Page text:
Academic Article Biological analysis of human immunodeficiency virus type 1 R5 envelopes amplified from brain and lymph node tissues of AIDS patients with neuropathology reveals two distinct tropism phenotypes and identifies envelopes in the brain that confer an enhanced tropism and fusigenicity for macrophages.
Academic Article The promiscuous CC chemokine receptor D6 is a functional coreceptor for primary isolates of human immunodeficiency virus type 1 (HIV-1) and HIV-2 on astrocytes.
Academic Article Inhibition of CCR5-mediated infection by diverse R5 and R5X4 HIV and SIV isolates using novel small molecule inhibitors of CCR5: effects of viral diversity, target cell and receptor density.
Academic Article Envelope conformational changes induced by human immunodeficiency virus type 1 attachment inhibitors prevent CD4 binding and downstream entry events.
Academic Article Non-macrophage-tropic human immunodeficiency virus type 1 R5 envelopes predominate in blood, lymph nodes, and semen: implications for transmission and pathogenesis.
Academic Article Variation of macrophage tropism among HIV-1 R5 envelopes in brain and other tissues.
Academic Article Natural resistance of human immunodeficiency virus type 1 to the CD4bs antibody b12 conferred by a glycan and an arginine residue close to the CD4 binding loop.
Academic Article Human immunodeficiency viruses: propagation, quantification, and storage.
Academic Article Determinants flanking the CD4 binding loop modulate macrophage tropism of human immunodeficiency virus type 1 R5 envelopes.
Academic Article Macrophages in vaginal but not intestinal mucosa are monocyte-like and permissive to human immunodeficiency virus type 1 infection.
Academic Article Complexity in human immunodeficiency virus type 1 (HIV-1) co-receptor usage: roles of CCR3 and CCR5 in HIV-1 infection of monocyte-derived macrophages and brain microglia.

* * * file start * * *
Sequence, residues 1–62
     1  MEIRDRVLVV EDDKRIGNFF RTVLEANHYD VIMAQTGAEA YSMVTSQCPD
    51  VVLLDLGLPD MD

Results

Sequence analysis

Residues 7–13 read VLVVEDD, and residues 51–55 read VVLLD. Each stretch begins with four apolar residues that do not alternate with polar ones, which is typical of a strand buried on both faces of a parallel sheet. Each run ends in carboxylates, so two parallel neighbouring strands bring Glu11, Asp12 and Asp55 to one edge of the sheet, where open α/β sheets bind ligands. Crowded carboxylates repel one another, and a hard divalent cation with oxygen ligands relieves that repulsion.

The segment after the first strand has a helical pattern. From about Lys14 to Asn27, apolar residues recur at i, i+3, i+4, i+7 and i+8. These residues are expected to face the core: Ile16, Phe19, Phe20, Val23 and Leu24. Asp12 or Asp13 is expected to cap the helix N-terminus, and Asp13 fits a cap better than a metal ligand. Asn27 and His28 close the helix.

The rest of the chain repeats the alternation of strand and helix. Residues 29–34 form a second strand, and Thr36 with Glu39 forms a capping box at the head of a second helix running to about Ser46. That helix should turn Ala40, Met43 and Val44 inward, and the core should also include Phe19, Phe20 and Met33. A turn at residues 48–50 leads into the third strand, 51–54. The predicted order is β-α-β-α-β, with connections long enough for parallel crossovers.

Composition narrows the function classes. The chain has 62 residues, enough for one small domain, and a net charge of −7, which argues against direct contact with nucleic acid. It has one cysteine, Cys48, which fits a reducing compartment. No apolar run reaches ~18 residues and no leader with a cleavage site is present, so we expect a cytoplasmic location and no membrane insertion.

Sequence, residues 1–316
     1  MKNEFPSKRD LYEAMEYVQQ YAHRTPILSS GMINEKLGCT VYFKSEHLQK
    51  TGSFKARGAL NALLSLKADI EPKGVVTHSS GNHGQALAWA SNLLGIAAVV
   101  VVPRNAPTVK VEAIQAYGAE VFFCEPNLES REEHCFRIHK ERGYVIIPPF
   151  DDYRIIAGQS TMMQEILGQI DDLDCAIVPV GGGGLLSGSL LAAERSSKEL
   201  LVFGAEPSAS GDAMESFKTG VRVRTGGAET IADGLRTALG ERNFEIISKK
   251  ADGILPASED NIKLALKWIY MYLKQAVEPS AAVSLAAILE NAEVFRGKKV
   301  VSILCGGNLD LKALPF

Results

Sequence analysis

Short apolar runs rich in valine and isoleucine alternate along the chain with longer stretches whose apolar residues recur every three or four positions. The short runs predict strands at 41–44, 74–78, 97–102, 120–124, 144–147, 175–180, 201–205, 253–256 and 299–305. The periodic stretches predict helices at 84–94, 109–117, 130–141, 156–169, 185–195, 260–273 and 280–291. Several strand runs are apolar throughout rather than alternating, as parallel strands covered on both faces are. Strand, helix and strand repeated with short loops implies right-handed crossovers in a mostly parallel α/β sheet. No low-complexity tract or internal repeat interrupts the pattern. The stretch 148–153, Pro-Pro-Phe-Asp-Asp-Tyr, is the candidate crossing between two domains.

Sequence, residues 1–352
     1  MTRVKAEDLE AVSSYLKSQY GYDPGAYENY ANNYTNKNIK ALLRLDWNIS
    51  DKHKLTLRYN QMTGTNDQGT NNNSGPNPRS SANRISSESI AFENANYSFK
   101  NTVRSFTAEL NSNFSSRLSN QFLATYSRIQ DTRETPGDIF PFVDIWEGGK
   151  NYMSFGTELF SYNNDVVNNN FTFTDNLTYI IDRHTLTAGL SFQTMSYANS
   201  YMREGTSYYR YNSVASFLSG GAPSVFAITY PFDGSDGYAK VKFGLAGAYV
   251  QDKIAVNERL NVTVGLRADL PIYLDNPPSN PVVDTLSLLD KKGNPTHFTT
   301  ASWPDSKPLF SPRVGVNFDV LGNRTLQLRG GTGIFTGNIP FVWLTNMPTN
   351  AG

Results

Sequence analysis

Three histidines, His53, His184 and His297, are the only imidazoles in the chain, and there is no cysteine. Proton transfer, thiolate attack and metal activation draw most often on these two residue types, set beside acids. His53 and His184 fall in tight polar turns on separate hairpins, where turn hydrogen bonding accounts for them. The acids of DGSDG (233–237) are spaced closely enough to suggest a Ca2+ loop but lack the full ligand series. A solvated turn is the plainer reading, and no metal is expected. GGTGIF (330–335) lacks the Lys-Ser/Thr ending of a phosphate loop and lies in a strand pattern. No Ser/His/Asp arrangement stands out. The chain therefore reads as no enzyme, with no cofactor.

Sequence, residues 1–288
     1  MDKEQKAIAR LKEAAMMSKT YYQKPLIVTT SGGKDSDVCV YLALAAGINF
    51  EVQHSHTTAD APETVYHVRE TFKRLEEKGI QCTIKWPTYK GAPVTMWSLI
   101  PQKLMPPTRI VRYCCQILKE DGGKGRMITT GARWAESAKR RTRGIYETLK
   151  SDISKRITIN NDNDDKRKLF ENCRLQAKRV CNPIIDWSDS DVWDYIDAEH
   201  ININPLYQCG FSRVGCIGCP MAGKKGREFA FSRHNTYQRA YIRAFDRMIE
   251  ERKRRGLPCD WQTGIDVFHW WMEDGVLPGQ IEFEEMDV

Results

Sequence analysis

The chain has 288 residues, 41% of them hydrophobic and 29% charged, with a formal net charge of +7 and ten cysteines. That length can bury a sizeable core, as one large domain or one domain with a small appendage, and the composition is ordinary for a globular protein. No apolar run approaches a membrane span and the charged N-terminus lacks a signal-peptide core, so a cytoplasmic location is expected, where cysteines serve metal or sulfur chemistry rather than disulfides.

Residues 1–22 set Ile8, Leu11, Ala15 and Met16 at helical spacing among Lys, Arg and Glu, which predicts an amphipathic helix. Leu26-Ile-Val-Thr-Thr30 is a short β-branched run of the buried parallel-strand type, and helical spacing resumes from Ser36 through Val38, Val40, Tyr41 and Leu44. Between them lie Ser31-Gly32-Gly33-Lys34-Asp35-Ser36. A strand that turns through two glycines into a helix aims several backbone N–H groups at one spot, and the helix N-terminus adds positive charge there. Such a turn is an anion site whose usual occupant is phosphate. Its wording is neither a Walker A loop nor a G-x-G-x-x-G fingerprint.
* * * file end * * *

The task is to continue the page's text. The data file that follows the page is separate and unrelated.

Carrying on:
Academic Article Modulation of HIV-1 macrophage-tropism among R5 envelopes occurs before detection of neutralizing antibodies.
Academic Article Intercompartmental recombination of HIV-1 contributes to env intrahost diversity and modulates viral tropism and sensitivity to entry inhibitors.
Academic Article Genotypic and functional properties of early infant HIV-1 envelopes.
Concept Enzyme-Linked Immunosorbent Assay
Concept Human Immunodeficiency Virus Proteins
Concept Acquired Immunodeficiency Syndrome
Concept Simian Acquired Immunodeficiency Syndrome
Concept Immunization Schedule
Concept Immunoglobulin G
Concept Simian Immunodeficiency Virus
Concept Immunization
Concept env Gene Products, Human Immunodeficiency Virus
Concept Immunization, Secondary
Academic Article HIV-1 non-macrophage-tropic R5 envelope glycoproteins are not more tropic for entry into primary CD4+ T-cells than envelopes highly adapted for macrophages.
Academic Article Infection of ectocervical tissue and universal targeting of T-cells mediated by primary non-macrophage-tropic and highly macrophage-tropic HIV-1 R5 envelopes.
Academic Article Saturation Mutagenesis of the HIV-1 Envelope CD4 Binding Loop Reveals Residues Controlling Distinct Trimer Conformations.
Academic Article Identification of Emerging Macrophage-Tropic HIV-1 R5 Variants in Brain Tissue of AIDS Patients without Severe Neurological Complications.
Academic Article HIV-1 R5 Macrophage-Tropic Envelope Glycoprotein Trimers Bind CD4 with High Affinity, while the CD4 Binding Site on Non-macrophage-tropic, T-Tropic R5 Envelopes Is Occluded.
Academic Article Ultradeep single-molecule real-time sequencing of HIV envelope reveals complete compartmentalization of highly macrophage-tropic R5 proviral variants in brain and CXCR4-using variants in immune and peripheral tissues.
Academic Article Screening of primary gp120 immunogens to formulate the next generation polyvalent DNA prime-protein boost HIV-1 vaccines.
Academic Article No detection of CD4-independent human immunodeficiency virus 1 envelope glycoproteins in brain tissue of patients with or without neurological complications.